1 August 1714: Queen Anne dies and is succeeded by George, Elector of Hanover, under the terms of the 1701 Act of Settlement. George cannot speak English and is not popular in England.
13 November 1714: A Jacobite uprising in northern England is cornered and defeated in Preston.

6 September 1715: The Earl of Mar leads an uprising for "King James" at Braemar that attracts widespread support in north east Scotland.
14 September 1715: The Jacobites take Perth.
13 November 1715: At the Battle of Sherrifmuir near Dunblane the Jacobite army under the Earl of Mar is prevented from taking southern Scotland by a much smaller government force.
22 December 1715: Prince James, the Pretender, lands at Peterhead before moving through Aberdeen and Dundee to the Earl of Mar's Headquarters at Perth.
31 January 1716: The Jacobites abandon Perth in the face of reinforced government forces.
4 February 1716: Prince James boards a ship at Montrose and leaves Scotland for the continent. The Earl of Mar follows shortly afterwards. The Jacobite army simply disbands and dissolves. "The 1715" is over.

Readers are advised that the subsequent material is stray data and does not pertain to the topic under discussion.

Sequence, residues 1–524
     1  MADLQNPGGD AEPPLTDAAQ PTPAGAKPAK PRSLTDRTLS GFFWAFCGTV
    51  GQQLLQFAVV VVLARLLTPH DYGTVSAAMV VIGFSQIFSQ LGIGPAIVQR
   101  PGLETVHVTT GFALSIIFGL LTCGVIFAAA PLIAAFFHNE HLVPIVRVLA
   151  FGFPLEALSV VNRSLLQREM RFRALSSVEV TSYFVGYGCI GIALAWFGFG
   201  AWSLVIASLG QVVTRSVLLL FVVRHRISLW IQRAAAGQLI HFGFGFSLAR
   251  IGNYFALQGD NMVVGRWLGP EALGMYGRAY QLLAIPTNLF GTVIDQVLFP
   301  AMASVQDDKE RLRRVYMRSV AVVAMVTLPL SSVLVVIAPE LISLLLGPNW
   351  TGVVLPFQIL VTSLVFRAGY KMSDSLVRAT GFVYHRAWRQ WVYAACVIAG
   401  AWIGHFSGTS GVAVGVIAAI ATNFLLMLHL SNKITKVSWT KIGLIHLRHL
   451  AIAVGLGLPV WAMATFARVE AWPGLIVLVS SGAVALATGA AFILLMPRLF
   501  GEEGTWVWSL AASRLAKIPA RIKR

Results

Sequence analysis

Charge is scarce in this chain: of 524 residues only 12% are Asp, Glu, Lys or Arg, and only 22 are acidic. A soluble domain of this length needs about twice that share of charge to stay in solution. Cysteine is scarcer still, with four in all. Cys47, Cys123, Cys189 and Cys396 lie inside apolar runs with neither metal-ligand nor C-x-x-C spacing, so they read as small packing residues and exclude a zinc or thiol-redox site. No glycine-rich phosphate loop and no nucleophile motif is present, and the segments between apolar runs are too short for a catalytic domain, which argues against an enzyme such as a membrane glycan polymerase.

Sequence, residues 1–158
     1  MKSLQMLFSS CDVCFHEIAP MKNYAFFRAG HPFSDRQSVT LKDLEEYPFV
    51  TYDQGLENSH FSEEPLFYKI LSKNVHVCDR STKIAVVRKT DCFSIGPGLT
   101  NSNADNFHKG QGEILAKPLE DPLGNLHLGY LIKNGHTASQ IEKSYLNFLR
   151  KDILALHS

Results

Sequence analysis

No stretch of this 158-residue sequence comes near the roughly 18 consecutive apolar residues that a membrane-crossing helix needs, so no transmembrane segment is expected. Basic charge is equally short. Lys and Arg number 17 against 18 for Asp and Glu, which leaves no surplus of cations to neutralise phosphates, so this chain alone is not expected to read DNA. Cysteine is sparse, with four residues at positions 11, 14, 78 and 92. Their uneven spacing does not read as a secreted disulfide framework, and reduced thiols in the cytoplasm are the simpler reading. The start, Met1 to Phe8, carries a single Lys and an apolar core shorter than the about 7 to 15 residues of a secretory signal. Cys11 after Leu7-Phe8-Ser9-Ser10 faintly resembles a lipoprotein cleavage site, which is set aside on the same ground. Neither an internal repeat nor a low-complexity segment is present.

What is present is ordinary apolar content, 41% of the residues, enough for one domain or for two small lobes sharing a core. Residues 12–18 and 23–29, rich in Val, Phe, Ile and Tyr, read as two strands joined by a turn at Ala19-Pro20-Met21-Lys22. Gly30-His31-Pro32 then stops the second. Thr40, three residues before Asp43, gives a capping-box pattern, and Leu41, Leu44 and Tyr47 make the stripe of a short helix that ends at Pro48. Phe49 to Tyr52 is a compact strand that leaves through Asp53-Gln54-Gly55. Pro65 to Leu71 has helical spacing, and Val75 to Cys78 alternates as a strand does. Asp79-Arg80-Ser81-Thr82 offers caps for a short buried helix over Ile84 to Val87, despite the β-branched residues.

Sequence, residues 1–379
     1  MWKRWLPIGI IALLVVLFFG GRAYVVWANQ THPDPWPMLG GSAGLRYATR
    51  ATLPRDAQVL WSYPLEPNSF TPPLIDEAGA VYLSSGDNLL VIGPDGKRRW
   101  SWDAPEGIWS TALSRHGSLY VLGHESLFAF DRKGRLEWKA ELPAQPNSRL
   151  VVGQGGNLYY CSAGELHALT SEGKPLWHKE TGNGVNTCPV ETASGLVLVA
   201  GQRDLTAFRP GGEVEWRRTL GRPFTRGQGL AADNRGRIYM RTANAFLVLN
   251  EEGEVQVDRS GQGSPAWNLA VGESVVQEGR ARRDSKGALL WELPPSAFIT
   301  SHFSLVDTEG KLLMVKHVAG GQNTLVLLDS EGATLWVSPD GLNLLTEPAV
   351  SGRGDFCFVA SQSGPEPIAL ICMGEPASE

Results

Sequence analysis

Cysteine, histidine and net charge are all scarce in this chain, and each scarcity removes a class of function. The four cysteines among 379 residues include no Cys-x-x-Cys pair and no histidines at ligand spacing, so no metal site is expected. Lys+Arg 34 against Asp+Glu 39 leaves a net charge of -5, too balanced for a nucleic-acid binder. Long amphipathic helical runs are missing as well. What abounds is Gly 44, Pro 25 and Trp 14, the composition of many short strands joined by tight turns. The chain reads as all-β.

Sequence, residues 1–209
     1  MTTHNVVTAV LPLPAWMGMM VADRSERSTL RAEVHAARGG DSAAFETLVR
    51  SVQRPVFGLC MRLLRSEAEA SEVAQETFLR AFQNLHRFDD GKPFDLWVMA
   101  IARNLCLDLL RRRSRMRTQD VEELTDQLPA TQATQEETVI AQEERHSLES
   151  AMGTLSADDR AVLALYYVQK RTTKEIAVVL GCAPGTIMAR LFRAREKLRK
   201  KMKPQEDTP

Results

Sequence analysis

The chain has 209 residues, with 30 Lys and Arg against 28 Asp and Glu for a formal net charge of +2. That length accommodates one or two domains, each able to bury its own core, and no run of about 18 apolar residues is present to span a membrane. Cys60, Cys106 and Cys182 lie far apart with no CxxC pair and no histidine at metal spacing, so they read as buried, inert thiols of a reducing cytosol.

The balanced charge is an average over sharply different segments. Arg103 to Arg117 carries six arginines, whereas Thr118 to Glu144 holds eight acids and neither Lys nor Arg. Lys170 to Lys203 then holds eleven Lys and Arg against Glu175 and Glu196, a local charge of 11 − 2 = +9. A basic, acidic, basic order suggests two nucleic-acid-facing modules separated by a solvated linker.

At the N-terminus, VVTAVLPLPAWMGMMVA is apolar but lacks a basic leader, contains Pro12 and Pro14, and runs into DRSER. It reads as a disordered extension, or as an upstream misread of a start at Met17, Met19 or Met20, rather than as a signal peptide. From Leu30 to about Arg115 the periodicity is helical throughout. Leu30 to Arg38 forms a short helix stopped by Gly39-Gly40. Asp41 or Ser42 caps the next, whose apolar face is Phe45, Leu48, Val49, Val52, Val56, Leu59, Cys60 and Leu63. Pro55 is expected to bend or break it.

10 May 1719: A small Spanish force, believing itself to be part of a much larger invasion planned for England to return the Jacobites to power, lands in Loch Duich, inland from the site of Kyle of Lochalsh. Royal Navy ships destroy the Spanish headquarters at Eilean Donan Castle.
10 June 1719: The Spanish troops, now supported by only 1000 Highland Jacobites, are defeated at the Battle of Glenshiel which takes place on the steep mountainsides flanking the Glen. The Spanish surrender but their part in the battle is remembered by the name of the overlooking mountain, Sgurr nan Spainnteach, or Peak of the Spaniards.